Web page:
International Relations Emerging Powers and BRICS
Oliver Stuenkel
  • LAST REVIEWED: 29 January 2020
  • LAST MODIFIED: 26 February 2020
  • DOI: 10.1093/obo/9780199743292-0187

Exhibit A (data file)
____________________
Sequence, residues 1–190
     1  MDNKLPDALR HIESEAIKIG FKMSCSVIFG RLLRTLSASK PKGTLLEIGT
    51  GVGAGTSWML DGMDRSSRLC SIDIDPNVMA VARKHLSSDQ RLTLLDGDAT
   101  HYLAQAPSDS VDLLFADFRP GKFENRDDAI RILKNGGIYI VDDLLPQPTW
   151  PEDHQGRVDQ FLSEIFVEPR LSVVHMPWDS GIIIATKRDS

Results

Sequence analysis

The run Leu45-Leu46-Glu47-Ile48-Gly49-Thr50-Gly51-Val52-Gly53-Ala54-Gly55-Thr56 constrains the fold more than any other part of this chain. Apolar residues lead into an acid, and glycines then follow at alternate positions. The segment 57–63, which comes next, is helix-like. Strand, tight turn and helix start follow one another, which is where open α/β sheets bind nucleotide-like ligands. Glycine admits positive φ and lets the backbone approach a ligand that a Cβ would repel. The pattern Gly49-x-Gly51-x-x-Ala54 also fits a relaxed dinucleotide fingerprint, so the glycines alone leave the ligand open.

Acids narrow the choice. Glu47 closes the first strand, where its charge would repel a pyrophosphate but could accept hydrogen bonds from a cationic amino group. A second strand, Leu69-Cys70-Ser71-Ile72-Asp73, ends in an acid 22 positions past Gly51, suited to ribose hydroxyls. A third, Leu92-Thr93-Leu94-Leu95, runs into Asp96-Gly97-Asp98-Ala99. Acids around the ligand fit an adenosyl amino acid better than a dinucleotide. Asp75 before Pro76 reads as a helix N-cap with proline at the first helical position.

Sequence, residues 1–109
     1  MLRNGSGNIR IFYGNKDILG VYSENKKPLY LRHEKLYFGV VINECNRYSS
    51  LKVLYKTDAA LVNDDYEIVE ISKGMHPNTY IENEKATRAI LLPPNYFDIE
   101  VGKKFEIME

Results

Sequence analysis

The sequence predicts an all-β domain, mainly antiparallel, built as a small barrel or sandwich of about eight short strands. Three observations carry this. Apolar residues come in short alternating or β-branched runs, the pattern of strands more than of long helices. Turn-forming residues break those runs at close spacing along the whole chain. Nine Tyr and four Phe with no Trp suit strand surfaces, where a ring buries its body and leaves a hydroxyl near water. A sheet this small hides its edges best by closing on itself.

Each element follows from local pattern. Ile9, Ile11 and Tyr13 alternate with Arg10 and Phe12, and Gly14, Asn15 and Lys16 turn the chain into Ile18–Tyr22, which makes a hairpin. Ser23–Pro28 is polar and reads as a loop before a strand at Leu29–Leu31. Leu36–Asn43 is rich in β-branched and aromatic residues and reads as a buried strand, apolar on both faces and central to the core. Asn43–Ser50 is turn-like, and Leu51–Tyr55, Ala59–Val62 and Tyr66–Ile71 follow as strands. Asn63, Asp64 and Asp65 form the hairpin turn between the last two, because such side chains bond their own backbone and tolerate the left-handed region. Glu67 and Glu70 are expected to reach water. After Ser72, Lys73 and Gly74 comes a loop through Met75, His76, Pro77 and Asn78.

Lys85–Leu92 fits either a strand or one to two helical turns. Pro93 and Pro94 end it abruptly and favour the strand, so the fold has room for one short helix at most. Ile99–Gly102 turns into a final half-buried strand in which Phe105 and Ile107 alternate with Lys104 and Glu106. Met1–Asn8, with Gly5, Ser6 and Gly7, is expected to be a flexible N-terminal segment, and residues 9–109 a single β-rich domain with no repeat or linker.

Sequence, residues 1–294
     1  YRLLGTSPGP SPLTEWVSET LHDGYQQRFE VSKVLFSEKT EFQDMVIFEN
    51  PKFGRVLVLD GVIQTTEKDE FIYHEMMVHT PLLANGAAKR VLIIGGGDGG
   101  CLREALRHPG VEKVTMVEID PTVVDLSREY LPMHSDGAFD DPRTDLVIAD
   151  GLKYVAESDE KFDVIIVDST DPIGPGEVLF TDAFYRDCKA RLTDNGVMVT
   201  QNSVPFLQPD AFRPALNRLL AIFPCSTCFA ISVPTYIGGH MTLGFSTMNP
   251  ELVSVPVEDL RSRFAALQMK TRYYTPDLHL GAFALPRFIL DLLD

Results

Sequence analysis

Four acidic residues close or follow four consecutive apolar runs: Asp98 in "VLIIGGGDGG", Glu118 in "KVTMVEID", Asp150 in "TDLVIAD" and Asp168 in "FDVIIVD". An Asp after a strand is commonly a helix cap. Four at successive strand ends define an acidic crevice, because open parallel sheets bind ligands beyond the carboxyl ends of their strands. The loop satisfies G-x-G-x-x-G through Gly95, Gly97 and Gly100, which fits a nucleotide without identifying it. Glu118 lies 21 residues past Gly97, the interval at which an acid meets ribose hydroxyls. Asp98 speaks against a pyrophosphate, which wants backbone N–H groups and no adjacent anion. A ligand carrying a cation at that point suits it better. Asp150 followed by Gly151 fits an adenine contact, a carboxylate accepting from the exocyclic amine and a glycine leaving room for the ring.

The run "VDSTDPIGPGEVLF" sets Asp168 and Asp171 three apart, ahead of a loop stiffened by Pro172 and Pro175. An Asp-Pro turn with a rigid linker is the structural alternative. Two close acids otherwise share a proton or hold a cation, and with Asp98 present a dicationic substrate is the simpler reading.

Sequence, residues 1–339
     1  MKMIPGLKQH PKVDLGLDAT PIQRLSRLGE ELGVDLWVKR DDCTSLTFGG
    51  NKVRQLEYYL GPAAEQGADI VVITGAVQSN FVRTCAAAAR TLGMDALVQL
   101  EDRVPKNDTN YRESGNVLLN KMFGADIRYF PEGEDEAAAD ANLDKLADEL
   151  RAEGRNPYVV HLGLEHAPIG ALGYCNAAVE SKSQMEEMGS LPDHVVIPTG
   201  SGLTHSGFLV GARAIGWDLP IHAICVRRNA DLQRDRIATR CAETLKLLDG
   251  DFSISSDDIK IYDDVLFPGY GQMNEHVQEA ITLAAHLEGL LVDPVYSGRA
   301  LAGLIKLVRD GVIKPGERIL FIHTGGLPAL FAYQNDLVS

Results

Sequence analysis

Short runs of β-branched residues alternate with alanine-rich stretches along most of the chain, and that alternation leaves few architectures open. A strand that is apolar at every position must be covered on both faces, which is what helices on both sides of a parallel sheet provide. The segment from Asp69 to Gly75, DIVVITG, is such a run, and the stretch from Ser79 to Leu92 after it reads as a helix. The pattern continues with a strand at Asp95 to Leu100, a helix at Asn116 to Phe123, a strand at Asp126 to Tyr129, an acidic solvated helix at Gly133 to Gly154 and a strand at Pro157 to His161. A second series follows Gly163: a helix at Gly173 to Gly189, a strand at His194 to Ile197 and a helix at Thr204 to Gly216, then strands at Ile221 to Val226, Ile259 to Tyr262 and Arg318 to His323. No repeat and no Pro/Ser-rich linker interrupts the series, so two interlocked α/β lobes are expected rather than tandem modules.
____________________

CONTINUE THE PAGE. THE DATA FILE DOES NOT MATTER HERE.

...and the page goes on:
The term “emerging powers” is a broad and somewhat vague category or shorthand for countries that are thought to be in the process of increasing their economic (and political) power faster than the rest. To be described as an emerging power, a country usually needs to be large (both regarding geographic extension and population, though not always, as the case of Japan shows) and poorer on a per capita basis than industrialized countries, though there is no clear definition of when a country ceases to “emerge.” Since emerging power status is desirable and implies an optimistic outlook, governments have an interest in depicting themselves as such. In the same way, investment banks are keen to identify emerging markets with above-average growth potential for their clients. One important part of the literature on emerging powers looks at international power transition in history, and how the arrival of new great powers changes global dynamics. Another, currently larger and more visible part, looks at contemporary emerging powers. For the latter, predictions and estimates about future growth (which are often too rosy) matter greatly. Yet the question of which country qualifies as an emerging power is always contested and in flux. The difficulty in predicting the future explains why some analyses in this realm often lack serious empirical and theoretical scholarship. The concept of emerging powers is not new: Brazil, for instance, was seen as an emerging power in the 1970s. Still, the term gained new prominence in the first decade of the 21st century, when large markets at the periphery of the global economy continuously grew above average, leading to a shift of power away from established powers toward the developing world. The BRICs grouping (consisting of Brazil, Russia, India, and China), created in 2001 and called BRICS (with a capital “S” since South Africa’s accession in 2010), came to symbolize a narrative that seemed distant in the 1990s but appeared to make sense in the mid-2000s: a momentous shift of power from the United States and Europe toward emerging powers. The history of the BRICS grouping can be divided into three phases. In the first phase (2001–2007), “BRIC” (then still without South Africa) stood for little more than an investment category invented by Goldman Sachs. The second phase (2008–2014) saw, contrary to general expectations, the emergence of the BRICS as a political platform, though of a largely informal nature. In 2015, the transition to a third phase began, marked by a process of institutionalization and the launch of the BRICS’s New Development Bank and around numerous meetings between government representatives, the most visible being the yearly presidential summit. The literature on emerging powers is wide and highly diverse in terms of structure, scope, and focus. In addition to more academic work, a large quantity of former policymakers and journalists write about the subject, often in a more speculative and forward-looking fashion. Many analyses deal with emerging powers as one cohesive group, others focus on specific emerging powers (most frequently China, followed by India). These include interesting analyses of the social transformation ongoing in emerging powers. Additionally, within the realm of international relations, works on emerging powers usually focus on the foreign policies of specific countries, questions of global public goods (such as climate change or security) or norms (e.g., democracy and human rights), and global order in more general terms.